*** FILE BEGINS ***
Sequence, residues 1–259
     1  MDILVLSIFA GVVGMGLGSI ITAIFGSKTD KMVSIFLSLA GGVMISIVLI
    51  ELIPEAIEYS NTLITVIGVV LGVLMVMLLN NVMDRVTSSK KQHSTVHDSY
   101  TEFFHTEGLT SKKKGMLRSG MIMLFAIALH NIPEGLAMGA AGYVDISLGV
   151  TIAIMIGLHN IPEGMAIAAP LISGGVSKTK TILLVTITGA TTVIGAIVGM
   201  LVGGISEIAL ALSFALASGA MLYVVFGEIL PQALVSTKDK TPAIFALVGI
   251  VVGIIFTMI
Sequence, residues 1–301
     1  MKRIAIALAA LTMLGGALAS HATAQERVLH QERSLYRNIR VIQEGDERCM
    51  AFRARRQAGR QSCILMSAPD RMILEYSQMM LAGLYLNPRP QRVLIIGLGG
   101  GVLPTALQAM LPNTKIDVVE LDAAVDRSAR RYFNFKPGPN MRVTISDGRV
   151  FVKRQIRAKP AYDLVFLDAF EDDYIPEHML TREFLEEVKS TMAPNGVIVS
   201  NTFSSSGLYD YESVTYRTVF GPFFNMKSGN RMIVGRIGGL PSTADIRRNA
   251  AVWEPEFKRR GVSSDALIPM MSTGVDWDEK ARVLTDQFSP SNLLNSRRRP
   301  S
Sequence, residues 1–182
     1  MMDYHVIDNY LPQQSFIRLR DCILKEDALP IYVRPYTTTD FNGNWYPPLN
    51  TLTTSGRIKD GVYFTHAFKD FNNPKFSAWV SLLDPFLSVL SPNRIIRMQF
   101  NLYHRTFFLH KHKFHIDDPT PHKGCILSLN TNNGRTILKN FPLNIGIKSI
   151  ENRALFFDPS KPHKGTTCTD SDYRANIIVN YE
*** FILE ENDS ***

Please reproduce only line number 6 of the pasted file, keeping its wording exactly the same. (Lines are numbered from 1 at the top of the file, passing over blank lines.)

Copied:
   201  LVGGISEIAL ALSFALASGA MLYVVFGEIL PQALVSTKDK TPAIFALVGI